|Photo Courtesy of Williams Sonoma|
Cultivate the habit of being grateful for every good thing that comes to you and to give thanks continuously. And because all things have contributed to your advancement, you should include
all things in your gratitude.
~ Ralph Waldo Emerson
Just like most Americans, I went to the grocery store this weekend to buy food to prepare for Thanksgiving dinner.
The store was crowded and the shelves were stocked with all of the things that I buy at this particular time of year: pumpkin, cream cheese, spices, nuts and cranberries. Depending on the aisle I was in, I could tell people were carefully searching for certain ingredients for recipes traditionally served in their family every year.
For some people, it is just not Thanksgiving unless that particular dish is served.
In my family, it is the stuffing. My siblings and I only want the stuffing that we had when we were growing up. My sister-in-law is wonderful and she is very accomodating because she serves our family's stuffing along with a cornbread stuffing and also an oyster stuffing. People in my family are pretty direct about what they want while walking through the buffet line and always ask when looking at the various stuffings (just to make sure): "Um, which one of these is our stuffing?"
It cracks me up because to us, and I know this is true for other families, Thanksgiving is all about the same food you have always eaten on Thanksgiving. It is not a day to try out new food.
But if Thanksgiving is about Tradition, it is also about Gratitude.
As I shopped in the grocery store, I thought about how lucky I was to load my cart up with what I needed to serve for Thanksgiving and that when I pushed my cart to the check-out line, I knew that I would be able to pay for it.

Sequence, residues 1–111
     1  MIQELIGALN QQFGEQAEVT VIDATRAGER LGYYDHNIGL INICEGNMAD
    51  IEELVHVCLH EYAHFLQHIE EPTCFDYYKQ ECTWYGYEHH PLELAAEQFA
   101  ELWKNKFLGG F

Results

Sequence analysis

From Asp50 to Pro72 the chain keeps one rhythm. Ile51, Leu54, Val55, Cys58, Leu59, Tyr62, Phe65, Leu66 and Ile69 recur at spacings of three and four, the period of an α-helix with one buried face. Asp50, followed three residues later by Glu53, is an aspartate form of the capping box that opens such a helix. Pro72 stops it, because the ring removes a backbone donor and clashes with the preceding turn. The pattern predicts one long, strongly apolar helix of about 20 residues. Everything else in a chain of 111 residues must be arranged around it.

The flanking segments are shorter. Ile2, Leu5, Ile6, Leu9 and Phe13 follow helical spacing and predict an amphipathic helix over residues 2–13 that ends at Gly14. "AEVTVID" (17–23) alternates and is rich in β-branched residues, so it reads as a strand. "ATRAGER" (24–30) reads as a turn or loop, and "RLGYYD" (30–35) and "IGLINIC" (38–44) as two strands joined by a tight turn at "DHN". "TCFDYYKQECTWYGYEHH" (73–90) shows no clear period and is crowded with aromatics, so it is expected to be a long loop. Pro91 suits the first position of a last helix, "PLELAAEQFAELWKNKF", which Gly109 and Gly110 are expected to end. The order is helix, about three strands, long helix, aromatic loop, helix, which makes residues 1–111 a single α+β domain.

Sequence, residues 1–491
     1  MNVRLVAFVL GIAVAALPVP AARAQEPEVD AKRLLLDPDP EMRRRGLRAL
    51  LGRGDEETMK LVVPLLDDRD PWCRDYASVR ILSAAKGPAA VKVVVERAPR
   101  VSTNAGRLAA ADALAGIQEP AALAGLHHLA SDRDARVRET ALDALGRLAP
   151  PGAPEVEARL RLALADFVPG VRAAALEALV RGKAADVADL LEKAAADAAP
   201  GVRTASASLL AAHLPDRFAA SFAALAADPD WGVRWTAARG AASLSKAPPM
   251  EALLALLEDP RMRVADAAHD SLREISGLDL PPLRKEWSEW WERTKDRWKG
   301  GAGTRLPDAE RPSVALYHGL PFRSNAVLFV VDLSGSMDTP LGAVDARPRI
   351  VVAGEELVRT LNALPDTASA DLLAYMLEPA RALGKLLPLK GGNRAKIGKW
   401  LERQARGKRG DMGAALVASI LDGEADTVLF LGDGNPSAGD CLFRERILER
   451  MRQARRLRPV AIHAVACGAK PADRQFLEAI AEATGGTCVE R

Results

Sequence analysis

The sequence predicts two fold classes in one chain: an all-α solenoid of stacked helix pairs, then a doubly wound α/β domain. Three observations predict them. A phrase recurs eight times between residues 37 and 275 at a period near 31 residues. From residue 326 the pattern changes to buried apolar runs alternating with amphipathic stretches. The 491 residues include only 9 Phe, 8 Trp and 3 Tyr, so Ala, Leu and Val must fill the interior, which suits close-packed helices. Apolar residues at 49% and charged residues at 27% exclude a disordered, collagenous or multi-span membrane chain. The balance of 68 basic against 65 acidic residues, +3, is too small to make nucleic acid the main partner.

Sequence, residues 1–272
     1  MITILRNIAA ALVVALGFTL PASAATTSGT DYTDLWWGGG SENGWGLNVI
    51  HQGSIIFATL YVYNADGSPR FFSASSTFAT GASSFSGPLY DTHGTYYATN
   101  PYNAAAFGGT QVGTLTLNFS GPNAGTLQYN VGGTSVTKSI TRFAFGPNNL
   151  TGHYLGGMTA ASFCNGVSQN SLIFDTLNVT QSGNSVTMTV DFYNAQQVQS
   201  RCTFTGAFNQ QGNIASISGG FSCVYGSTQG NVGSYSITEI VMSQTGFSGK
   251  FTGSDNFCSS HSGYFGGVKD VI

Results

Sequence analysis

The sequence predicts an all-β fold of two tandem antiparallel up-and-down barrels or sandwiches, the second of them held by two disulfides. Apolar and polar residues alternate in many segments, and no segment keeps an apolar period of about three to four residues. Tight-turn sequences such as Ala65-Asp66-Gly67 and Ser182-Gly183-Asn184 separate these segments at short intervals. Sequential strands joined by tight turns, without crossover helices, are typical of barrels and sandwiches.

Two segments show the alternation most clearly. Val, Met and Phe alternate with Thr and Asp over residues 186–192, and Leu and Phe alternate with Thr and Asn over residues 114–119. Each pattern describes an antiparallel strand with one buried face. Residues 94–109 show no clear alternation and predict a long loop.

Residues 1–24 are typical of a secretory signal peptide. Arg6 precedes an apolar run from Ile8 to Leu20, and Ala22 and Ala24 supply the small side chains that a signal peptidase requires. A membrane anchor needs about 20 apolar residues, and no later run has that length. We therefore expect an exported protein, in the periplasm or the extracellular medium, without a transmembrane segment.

Suppose I couldn't? Suppose I couldn't afford what I needed and could only buy the minimum amount of food? Suppose I couldn't afford any food and my Thanksgiving was at a soup kitchen or a homeless shelter?
Unfortunately, we fall into a common and bad habit of thinking about what we don't have, what is going wrong in our life or what is in our way to making progress. Instead of thinking about what we don't have, I suggest we flip our thinking and focus on the positives in our lives and be thankful for the wonderful gifts that surround us.
Life cannot be truly rich without gratitude.
It may sound like a small thing but as I placed my items on the conveyer belt at the grocery store, I was truly grateful that I could buy food to feed myself and my loved ones and that I had a car and a home for shelter. I take these things for granted when I never should.
Being thankful is counting your blessings and this week when I bow my head to give thanks to God for the food and the people in my life, I will have much to be thankful for.